Banking & Finance

Microloans Fill Gaps for Small Companies

YOUNGSTOWN, Ohio – For seven years, Tracy Jordan ran Happy Campers Learning Center out of her home. As her clientele grew and she faced the limit of what her Type B day care license allowed, she began looking for new space.

She settled on a site, the Bethlehem Lutheran Church on Midlothian Boulevard, but it needed a few renovations and she needed a way to cover some of her startup costs, including obtaining a higher-level license.

She went to a bank to apply for a loan and was refused. She went to other banks only to be refused again and again. She looked into credit unions and other funding sources through the Business & Investment Center at the Public Library of Youngstown & Mahoning County. There, she found out about a loan program at the Mahoning Valley Economic Development Corp.

The solution for Jordan, it turned out, was a microloan.

“I called for an appointment and the rest is history,” says Jordan.

“I didn’t have the best of credit. I didn’t have collateral. I was just starting out. I did everything they asked me to do and I qualified.”

The $25,000 loan helped her move into the church in 2009. She paid off her loan and things went well. Jordan’s business continued to expand to where, in 2013, she needed an even larger space, one that would also need some renovation.

Re-enter MVEDC, this time approving her for a $30,000 loan. With the financing, she moved into the day care’s current home on the corner of South and Indianola avenues.

Jordan’s story is a common one at the economic development agency. Businesses unable to secure loans from financial institutions, whether because of bad credit or the bank unwilling to lend small amounts, come to MVEDC.

The expense a bank incurs in administering such small loans makes them unprofitable even when applicants meet the other criteria.

Loans through the Small Business Administration’s Intermediary Lending Pilot program are capped at $50,000 and a bank must have denied the borrower, explains Teresa Miller, lending team leader for MVEDC.

“I consider microlending to be something a bank isn’t going to participate in because it’s small enough they say, ‘Sorry, we can’t lend that amount,’ ” she says.

“These smaller loans aren’t usually going toward a building. … It’s anything business-related – inventory, working capital, equipment.”

One of the smallest loans MVEDC has made, says Executive Director Mike Conway, was $500. A man, just out of prison, was working with Community Corrections Association. Banks wouldn’t touch him, Conway says.

“In that case, it was a man who was just paroled and working with CCA. He was a carpenter and just wanted some tools to get started,” he says. “That loan was paid off in a year. That’s the nature of that type of lending we do. We’re supporting small businesses at a level where they’re precarious.”

In Mercer County, Pa., the Shenango Valley Enterprise Zone offers loans up to $250,000 to fill the space between what a bank is willing to lend and what a business owner can pay. Most loans are between $50,000 and the maximum, says Executive Director Jim Cardamon.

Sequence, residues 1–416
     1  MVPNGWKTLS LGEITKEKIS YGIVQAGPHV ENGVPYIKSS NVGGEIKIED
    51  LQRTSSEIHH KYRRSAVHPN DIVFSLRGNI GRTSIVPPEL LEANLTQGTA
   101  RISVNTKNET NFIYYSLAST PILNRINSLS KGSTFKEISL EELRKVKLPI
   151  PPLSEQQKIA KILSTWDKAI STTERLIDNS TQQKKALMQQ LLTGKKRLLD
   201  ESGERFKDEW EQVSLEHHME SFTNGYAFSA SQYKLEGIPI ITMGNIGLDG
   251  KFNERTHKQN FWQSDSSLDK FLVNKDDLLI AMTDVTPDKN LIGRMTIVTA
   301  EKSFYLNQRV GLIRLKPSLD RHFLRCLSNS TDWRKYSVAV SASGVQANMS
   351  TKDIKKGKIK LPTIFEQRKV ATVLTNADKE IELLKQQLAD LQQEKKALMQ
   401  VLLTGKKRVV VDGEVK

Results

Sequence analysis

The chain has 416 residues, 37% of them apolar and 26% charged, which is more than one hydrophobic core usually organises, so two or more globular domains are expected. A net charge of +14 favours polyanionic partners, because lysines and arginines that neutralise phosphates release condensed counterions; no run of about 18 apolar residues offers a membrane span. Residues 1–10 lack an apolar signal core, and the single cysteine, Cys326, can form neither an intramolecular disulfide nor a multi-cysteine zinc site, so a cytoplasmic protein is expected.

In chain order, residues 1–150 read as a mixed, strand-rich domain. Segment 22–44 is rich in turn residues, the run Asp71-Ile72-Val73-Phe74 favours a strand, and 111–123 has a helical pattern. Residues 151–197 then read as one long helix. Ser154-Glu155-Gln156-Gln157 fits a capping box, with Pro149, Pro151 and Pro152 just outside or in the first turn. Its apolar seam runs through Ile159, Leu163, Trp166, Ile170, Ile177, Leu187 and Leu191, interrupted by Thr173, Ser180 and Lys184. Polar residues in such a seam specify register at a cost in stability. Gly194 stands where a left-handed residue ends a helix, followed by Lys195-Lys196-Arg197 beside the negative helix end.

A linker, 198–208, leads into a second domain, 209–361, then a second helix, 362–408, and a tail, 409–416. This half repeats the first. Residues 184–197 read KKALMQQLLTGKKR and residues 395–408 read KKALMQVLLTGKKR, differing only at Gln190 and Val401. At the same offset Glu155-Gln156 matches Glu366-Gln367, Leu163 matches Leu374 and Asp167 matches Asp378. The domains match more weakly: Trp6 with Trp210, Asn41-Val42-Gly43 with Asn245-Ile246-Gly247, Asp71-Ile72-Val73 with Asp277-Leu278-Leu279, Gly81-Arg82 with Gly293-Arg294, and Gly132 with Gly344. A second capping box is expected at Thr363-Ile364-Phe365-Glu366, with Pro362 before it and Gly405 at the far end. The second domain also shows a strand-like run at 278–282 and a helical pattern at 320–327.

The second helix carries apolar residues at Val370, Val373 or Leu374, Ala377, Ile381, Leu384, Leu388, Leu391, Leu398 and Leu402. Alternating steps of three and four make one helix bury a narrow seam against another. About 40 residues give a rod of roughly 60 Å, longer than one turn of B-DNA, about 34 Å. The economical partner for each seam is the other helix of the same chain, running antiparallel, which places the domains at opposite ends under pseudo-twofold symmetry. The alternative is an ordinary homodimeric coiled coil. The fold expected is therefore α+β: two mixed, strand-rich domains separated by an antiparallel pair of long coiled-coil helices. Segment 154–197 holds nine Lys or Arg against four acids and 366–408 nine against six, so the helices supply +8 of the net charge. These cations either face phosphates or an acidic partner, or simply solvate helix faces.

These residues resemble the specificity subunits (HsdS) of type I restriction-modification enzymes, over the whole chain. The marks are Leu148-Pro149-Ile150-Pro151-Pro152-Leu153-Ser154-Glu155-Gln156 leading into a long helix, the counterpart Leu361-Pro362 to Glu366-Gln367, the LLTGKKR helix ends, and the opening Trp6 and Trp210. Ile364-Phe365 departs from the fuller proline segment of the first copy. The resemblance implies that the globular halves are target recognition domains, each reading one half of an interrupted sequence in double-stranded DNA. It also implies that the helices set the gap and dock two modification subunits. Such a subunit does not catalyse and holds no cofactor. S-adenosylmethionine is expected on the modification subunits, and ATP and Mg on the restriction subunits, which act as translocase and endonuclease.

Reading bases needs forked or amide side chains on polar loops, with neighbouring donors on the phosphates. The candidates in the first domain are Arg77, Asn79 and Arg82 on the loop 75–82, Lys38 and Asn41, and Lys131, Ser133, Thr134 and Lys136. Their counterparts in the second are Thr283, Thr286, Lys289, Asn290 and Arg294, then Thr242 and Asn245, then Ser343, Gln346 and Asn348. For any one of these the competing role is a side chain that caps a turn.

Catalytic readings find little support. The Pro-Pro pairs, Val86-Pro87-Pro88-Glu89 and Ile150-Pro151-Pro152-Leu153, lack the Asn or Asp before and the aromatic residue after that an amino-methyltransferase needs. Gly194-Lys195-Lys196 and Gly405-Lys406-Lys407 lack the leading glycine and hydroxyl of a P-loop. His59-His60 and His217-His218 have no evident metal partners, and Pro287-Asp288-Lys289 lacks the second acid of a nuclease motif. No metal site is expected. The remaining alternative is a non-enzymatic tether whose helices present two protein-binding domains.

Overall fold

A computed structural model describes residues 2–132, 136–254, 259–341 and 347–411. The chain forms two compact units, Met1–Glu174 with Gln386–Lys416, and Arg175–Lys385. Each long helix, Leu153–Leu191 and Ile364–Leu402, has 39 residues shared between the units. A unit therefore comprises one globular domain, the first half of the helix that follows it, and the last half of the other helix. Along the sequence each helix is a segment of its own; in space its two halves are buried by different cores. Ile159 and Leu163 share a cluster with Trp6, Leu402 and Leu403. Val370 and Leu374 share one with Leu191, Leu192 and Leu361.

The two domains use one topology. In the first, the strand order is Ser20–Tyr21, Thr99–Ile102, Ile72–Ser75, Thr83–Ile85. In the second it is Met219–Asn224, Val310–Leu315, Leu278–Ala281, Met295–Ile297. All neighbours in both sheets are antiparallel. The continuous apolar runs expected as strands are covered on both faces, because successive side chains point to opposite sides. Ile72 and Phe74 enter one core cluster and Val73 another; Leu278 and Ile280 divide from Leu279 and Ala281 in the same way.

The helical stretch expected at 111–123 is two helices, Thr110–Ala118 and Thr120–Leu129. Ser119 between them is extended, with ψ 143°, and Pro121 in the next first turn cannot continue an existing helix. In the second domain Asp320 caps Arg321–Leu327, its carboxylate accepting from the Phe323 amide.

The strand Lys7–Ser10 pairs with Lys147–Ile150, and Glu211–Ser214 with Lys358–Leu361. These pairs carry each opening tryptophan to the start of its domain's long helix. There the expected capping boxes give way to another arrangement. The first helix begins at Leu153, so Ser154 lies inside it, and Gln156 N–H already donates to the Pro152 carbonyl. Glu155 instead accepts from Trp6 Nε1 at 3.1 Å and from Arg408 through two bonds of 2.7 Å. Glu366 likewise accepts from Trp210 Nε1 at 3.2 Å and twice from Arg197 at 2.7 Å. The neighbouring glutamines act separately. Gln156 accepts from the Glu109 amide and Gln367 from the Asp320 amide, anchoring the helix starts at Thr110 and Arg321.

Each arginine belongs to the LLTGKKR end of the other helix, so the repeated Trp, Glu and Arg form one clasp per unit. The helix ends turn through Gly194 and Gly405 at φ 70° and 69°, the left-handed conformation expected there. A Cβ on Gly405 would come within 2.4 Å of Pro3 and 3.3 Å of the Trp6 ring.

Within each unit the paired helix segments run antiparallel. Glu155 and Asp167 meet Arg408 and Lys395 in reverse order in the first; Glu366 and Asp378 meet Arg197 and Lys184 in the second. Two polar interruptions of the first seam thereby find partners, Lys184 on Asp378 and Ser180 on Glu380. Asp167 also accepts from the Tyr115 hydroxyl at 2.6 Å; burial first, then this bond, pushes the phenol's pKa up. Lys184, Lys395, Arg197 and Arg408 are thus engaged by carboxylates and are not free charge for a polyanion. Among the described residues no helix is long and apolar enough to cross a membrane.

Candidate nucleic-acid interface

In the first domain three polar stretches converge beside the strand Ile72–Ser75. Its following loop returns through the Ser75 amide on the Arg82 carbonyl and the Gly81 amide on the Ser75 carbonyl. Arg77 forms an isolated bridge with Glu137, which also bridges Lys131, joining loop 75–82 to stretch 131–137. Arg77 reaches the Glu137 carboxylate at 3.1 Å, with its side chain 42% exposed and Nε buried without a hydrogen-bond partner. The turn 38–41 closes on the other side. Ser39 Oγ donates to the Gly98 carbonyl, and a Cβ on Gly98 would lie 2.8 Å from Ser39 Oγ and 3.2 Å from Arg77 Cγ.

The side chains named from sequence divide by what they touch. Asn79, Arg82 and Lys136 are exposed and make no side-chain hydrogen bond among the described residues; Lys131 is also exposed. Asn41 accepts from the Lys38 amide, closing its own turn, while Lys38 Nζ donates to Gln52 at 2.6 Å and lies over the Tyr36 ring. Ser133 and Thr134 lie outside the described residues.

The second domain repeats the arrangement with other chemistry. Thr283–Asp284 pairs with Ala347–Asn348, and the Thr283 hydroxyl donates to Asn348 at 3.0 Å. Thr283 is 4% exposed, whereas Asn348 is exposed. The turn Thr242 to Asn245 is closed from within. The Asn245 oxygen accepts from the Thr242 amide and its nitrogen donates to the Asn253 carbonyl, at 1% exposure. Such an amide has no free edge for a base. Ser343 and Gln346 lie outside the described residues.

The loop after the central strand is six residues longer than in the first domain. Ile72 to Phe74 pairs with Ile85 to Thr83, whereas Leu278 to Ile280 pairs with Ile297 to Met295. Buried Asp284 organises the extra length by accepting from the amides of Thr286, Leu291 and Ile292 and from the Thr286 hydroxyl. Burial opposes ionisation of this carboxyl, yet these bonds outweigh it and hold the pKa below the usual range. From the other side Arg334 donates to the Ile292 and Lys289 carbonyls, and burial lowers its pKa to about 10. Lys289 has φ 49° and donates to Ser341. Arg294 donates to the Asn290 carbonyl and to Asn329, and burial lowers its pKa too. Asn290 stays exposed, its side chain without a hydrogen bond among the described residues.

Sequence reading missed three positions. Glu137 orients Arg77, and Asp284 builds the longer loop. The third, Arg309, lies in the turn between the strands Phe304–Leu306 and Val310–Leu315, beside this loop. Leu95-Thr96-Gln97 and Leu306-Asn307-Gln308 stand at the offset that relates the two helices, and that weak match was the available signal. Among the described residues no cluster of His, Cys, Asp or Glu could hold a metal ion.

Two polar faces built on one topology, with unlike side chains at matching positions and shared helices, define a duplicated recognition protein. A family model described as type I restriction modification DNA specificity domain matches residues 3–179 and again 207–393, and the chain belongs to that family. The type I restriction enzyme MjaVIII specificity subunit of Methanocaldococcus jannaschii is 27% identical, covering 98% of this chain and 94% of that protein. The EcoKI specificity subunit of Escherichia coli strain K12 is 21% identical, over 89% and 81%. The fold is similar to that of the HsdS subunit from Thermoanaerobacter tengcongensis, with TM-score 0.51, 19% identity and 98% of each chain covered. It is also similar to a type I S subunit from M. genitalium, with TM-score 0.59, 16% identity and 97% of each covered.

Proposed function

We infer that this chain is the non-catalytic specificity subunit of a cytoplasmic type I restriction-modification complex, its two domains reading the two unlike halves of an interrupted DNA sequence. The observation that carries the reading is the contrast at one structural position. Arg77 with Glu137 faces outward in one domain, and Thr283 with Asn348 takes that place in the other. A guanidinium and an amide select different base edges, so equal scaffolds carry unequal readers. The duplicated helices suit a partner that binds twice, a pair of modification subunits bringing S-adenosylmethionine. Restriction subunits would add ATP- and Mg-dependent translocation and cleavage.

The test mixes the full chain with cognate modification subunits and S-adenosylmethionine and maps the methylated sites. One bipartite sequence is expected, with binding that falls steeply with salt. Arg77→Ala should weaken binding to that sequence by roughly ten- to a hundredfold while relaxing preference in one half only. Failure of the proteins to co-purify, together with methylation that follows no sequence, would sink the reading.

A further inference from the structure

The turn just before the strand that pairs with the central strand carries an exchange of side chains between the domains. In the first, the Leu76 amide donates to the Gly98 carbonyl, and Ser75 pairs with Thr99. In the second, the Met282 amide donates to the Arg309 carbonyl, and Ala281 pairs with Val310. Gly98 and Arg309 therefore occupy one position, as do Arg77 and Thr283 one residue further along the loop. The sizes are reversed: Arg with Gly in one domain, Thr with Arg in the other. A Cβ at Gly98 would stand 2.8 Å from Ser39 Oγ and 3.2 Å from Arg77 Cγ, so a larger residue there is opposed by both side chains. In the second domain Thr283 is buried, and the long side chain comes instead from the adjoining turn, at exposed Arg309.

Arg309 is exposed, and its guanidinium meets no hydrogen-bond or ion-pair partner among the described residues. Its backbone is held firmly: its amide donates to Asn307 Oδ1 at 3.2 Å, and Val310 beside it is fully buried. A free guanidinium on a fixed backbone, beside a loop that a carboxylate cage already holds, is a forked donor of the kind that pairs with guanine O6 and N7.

“If you have a project and everything’s in line and you’re still coming up short, that’s where we step in,” he says. “That’s why 50% of the project has to be handled through private financing and a minimum of 10% cash from the applicant.”

The Mahoning Valley Economic Development Corp. has a similar 50-40-10 split.

The enterprise zone, created in 1985, covers portions of Sharon, Hermitage, Wheatland, Sharpsville, West Middlesex, Greenville and surrounding townships as well as the city of Farrell. Loans of more than $100,000 can fund only 50% of a project. Companies must also create at least one job within three years for every $30,000 lent.

At MVEDC, restrictions are set by the organization funding the loan, Conway explains.

The U.S. Department of Agriculture Intermediary Relending Program, for example, requires that borrowers live in areas Agriculture designates as “rural.”

The Ohio Development Services Agency’s Regional 166 Loan can be made only to those in the manufacturing, wholesale or distribution business.

With both organizations’ purpose being to help businesses expand, interest rates are competitive. MVEDC’s are usually between 6% and 7%, Miller says, while the Shenango Valley Enterprise Zones range from 60% of prime for equipment to 60% of prime plus half for real estate purchases.

“It’s probably better than what they’d get from a financial institution,” Cardamon says. “We take second place in the collateral line. We’re not vying for first place against banks.”

These types of loans, the three lenders agree, can be lifelines for small businesses. With the 50-40-10 split among bank, development agency and business, the savings can run in the thousands of dollars.

“That’s thousands of dollars staying with the business that can be used for other purposes, to hire people or get inventory or make more products,” Conway says. “That’s an impact on the success of the business.”

And in an area working to develop entrepreneurs and companies, any help is an advantage that helps businesses survive.

“We’re often overlooked. We don’t have the same capital as big businesses. A majority fail in the first two years,” Happy Campers’ Jordan says.

“I didn’t come from a rich background. I was a single mom with two daughters. … They took a chance with me. I’m happy that this type of opportunity is there for all of us.”

Pictured: To fund renovations, Tracy Jordan twice turned to microloans from Mahoning Valley Economic Development Corp.

Published by The Business Journal, Youngstown, Ohio.